Where was the Monster Bowl?
It was in Seaside Heights. It was super good. There was close to vertical there. There were some older dudes there doing big lockup frontside airs, tailblocks, lipslides and that sort of thing. We were learning from them. They were pushing us.
What did you think of Cherry Hill?
I thought Cherry Hill was the raddest park I’d ever seen.
Were you there for grand opening day?
Yeah. Opening day was sick. Tony Alva, Jay Adams, Chris Strople, Tom Inouye and the Sims team was there. It just a big blur when the dudes from California were there.
What do you remember from that session?
I remember the smell of the place. I remember the dust, and the crowd of people. I was barely getting rides in because it was so crowded. We skated the kidney and the keyhole because the other pool was so crowded. That was the first time I’d ever really seen that caliber of skating before.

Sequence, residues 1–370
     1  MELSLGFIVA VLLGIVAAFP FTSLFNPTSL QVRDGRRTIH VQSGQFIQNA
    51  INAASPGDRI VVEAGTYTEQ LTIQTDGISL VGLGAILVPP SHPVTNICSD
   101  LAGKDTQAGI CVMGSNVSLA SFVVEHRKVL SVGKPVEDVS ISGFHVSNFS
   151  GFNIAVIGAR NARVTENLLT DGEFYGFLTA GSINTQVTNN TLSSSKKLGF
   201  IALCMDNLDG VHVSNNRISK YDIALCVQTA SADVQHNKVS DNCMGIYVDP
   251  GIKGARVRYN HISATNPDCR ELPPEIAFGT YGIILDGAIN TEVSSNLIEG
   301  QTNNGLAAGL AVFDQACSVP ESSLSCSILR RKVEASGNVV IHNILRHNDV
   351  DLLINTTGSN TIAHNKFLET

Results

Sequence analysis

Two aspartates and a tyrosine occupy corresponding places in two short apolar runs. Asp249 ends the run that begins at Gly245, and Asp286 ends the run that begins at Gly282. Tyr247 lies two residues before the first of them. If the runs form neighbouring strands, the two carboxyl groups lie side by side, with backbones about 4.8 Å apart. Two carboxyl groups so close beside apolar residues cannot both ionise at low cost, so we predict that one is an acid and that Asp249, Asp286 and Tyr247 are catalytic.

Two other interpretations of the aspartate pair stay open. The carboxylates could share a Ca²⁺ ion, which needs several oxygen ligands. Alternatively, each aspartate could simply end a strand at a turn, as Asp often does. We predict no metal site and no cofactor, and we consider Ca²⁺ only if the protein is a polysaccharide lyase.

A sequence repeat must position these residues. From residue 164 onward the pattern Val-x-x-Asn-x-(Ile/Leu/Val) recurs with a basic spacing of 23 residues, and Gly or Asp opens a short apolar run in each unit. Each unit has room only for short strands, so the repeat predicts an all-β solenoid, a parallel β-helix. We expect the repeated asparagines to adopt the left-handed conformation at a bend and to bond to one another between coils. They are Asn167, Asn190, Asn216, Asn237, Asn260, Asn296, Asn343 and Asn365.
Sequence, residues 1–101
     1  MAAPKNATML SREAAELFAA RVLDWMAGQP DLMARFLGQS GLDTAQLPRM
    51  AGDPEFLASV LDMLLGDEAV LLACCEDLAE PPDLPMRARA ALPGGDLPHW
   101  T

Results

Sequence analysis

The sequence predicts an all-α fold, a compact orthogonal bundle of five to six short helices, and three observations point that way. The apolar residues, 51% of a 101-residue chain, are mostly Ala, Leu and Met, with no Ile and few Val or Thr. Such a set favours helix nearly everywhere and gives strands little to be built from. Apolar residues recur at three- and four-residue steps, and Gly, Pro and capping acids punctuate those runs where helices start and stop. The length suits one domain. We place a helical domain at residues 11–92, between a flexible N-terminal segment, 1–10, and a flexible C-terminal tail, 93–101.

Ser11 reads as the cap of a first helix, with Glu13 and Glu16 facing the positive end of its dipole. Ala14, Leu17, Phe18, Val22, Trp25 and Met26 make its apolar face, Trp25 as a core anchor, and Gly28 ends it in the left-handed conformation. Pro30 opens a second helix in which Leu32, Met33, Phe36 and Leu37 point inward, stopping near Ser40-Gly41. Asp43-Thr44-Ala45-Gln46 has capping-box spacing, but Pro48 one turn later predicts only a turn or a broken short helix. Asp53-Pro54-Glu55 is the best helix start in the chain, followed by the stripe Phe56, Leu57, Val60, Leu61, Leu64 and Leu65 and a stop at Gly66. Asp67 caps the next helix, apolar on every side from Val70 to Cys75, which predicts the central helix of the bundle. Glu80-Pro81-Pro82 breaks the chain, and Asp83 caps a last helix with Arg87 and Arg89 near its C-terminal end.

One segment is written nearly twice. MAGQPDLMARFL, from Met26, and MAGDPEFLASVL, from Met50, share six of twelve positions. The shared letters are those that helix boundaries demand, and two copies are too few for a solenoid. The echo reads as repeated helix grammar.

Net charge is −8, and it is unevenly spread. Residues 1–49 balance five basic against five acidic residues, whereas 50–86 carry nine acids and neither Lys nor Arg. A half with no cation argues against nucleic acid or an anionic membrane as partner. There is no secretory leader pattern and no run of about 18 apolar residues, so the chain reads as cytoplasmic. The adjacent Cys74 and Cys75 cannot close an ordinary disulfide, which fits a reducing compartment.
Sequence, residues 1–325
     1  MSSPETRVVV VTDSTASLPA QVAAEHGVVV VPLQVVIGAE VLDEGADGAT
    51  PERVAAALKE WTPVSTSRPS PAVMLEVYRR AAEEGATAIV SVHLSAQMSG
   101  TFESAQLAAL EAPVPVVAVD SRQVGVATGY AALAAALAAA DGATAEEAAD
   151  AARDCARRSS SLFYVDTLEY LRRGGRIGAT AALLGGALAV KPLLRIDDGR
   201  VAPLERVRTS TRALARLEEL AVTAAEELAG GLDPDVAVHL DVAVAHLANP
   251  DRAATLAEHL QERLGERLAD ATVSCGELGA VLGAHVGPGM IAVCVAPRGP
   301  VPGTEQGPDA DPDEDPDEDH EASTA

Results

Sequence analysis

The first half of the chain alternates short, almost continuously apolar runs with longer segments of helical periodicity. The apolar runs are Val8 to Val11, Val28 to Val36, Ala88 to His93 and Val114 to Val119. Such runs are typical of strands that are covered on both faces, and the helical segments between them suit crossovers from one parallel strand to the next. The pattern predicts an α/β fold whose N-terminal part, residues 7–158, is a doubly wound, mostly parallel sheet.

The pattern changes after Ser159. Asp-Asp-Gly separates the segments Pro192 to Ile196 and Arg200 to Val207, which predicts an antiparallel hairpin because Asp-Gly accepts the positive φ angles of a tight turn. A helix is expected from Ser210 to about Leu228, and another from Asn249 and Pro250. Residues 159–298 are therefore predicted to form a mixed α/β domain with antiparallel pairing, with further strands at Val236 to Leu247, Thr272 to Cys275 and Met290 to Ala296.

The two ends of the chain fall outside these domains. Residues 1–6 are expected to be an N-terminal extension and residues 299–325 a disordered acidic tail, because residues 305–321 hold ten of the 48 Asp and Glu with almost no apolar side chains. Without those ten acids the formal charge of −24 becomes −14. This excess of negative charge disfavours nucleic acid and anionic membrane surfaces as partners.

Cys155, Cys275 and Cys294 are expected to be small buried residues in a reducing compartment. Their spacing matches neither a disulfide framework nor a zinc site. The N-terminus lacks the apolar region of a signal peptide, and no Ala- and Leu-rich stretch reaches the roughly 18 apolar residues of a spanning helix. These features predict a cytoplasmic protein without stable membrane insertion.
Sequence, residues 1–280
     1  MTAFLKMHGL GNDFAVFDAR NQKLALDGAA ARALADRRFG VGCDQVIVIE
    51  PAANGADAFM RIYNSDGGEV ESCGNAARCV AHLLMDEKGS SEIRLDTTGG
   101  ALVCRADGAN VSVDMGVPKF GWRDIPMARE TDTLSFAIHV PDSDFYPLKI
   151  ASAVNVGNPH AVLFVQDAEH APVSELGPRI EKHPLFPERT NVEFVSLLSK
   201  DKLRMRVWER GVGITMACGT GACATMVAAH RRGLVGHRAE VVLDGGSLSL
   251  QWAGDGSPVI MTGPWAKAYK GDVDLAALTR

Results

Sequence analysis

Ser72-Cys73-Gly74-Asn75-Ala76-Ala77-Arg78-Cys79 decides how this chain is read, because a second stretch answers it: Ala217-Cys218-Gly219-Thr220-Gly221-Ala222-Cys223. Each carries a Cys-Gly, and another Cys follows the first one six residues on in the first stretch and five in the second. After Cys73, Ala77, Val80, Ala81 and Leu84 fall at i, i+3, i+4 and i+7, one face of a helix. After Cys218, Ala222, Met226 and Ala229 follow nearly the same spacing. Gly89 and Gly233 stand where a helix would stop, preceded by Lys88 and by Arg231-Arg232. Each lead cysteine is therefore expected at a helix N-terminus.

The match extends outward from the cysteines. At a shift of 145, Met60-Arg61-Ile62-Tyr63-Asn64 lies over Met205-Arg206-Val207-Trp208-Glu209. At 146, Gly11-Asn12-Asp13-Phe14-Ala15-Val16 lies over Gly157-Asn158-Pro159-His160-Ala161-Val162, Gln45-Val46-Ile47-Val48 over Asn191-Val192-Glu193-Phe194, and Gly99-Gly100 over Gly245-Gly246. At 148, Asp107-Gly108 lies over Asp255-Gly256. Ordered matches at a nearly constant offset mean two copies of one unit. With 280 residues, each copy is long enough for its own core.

What was going through your mind?
I was thinking, ‘Man, this is how you do it.’ That’s how I wanted to do it. It was a big shot in the arm. It was like, ‘Let’s go. Let’s charge it and learn.’
Was there anyone there that you idolized?
Basically, I looked up to all those dudes. Tony Alva and Jay Adams were super on it. The Sims team was kicking butt with Brad Bowman and Doug DeMontmorency.
I remember Brad Bowman was pretty smooth.
He was. Totally.
Did you start going there every weekend?
Yeah. It’s like what I’m doing now. I’m a weekend warrior.
Your dad always drove you places, right?
He drove me and anybody who skated and wanted to go.
Who were you riding with back then?